Men are like bugs in the summertime. You leave out feeling good and comfortable only to be swarmed by annoying gnats, which makes being outside unbearable.
Every summer, since I was 11, I've had to deal with men and their lust. Every summer, I have been asked to choose between being comfortable in my skin and making others comfortable about my body.
Since I hit puberty, I've been slut-shamed by both men and women of all ages. This has been regardless of my choice in clothes or my sexual activity. Because of my curvaceous nature and alluring aura, I've always been considered a hoe. I have been hyper-sexualized by almost everyone around me since I hit puberty. Summers have been filled with catcalling, random acts of sexual harassment in public, glares from other women, and uncomfortable stares of lust from men as long as I can remember. This has just been my experience.
I have always felt most comfortable in fewer clothes. Furthermore, it has always been challenging to find comfortable clothes for my body type in the summertime. I have a large butt, smaller waist & thick thighs. I sweat profusely in the summertime and have skin susceptible to heat rashes. Conservative clothes and undergarments in the summer generally torture me. It's sticky; it's hot, it's uncomfortable. I much prefer the no bra or panties maxi sundress look. Despite having excellent logic behind my wardrobe choices, I have been expected to feel shame around my clothing choices in the summertime for as long I can remember.
At a young age, I learned that my body made other people uncomfortable, and therefore I was expected to go to extra lengths to hide it. From a very young age, I was self-conscious about my curves. They made other women turn against me early in adolescence and caused creepy older men to target me.
I recall an incident in high school on a 90+ degree day. I was wearing a pair of Bermuda shorts, the only kind my mother allowed me to wear to school, a step up from my middle school rules of jeans under skirts. By no means were they in violation of the school dress code policy. I was standing in the hall between lunch periods when my principle, an older black man, approached me to discuss my shorts. When I enquired why I was being singled out as small framed girls ran past us in daisy dukes, he refuted with "you are thicker than the other girls." I ran immediately to my mentor, crying. This is just one of the many instances in my life where I have been policed in the summer because of my body type.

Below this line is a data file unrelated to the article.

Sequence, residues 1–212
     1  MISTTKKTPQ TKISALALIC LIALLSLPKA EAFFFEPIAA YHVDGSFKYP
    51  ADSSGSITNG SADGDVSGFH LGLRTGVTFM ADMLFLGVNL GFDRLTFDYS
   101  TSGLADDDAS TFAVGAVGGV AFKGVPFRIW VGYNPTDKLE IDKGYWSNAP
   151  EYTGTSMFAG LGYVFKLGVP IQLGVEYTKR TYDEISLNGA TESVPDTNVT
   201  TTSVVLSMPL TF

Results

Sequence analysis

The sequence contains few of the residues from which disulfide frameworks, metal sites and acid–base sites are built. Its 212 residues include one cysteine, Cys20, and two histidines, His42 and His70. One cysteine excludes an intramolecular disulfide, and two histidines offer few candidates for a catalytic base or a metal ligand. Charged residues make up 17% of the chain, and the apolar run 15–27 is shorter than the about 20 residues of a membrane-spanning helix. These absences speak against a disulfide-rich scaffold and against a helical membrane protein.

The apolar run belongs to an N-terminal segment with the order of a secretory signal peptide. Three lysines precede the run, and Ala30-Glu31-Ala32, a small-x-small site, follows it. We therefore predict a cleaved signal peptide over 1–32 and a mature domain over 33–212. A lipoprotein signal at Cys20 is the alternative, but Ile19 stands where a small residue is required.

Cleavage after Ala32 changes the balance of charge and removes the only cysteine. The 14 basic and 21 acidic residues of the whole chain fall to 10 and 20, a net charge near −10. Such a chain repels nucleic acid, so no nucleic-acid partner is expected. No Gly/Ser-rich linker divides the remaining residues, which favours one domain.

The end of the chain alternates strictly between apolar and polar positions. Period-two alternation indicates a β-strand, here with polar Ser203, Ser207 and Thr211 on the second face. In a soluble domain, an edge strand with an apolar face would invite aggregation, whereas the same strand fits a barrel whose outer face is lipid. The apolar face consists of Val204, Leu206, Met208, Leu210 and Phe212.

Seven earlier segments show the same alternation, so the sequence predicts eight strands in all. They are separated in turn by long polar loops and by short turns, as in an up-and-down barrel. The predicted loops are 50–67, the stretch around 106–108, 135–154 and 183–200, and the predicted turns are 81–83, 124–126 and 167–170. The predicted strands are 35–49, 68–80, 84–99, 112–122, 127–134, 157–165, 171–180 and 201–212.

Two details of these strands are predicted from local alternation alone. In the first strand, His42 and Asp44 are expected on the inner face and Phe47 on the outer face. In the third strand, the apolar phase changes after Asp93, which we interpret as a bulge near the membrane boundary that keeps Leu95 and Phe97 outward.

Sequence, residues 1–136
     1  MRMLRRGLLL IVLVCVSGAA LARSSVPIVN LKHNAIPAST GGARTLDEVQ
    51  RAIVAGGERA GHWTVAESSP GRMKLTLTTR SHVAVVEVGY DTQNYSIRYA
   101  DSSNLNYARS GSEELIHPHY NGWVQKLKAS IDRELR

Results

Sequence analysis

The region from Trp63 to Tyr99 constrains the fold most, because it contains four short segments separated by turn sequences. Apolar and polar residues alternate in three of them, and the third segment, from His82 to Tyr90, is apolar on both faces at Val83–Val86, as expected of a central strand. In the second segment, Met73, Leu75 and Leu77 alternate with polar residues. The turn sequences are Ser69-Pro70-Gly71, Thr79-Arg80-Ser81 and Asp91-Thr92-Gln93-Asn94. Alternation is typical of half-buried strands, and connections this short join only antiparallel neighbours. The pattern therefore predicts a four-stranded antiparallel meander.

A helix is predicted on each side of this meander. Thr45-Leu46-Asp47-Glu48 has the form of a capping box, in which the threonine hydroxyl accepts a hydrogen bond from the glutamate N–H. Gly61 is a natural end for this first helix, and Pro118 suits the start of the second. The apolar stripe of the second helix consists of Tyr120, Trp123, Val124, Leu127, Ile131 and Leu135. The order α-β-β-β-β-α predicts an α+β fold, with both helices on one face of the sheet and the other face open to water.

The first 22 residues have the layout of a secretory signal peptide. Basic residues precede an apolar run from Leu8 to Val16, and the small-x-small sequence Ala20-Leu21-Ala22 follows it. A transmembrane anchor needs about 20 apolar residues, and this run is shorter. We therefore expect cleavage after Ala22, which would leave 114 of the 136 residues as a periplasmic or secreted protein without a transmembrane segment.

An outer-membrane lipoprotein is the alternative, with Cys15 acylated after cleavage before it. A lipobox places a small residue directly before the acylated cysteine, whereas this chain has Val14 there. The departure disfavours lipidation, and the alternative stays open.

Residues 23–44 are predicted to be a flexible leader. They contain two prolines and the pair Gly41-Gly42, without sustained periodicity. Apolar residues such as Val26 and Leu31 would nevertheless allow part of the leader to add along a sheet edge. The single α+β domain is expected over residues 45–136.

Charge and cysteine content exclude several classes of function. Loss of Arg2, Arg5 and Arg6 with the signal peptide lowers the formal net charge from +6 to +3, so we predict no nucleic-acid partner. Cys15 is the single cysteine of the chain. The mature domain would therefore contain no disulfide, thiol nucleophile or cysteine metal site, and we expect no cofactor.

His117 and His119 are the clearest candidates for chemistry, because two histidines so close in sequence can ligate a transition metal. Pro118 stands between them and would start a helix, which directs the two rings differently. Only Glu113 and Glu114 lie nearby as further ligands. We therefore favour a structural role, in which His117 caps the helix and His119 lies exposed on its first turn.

While my specific experience may be unique, all women share an experience of body policing or slut-shaming. Whether it's struggling to have a bikini body, being told you are too fat to wear an article of clothing, or second-guessing a cute outfit before leaving the house in fear of being catcalled (or worse) on the street; the policing of female bodies, particularly during the summertime, is nothing new. It is a product of the misogyny that is pervasive in our society. It is perpetuated by both men and women and ultimately harmful to all.
Let's talk about sexual harassment in the summertime for a second, can we?
I'm so tired of getting attacked by men who lack impulse control.
In my natural blissful state, I am carefree, joyful, radiant, and glowing. In the summer, I feel empowered by the sun and how my skin shines under it. I love the warmth; I love the liveliness of nature during this time. What I don't love about summer is men who think me enjoying my life in public is an invitation to disrupt my peace with their lust.
There are many clear body language signs when a woman does not want to interact with you, and I give all of them off consciously whenever I am in men's presence (unless we're at the bar and you're tipping). Yet some men, the bold, the intimidating, the brash, don't give a fuck about those signs.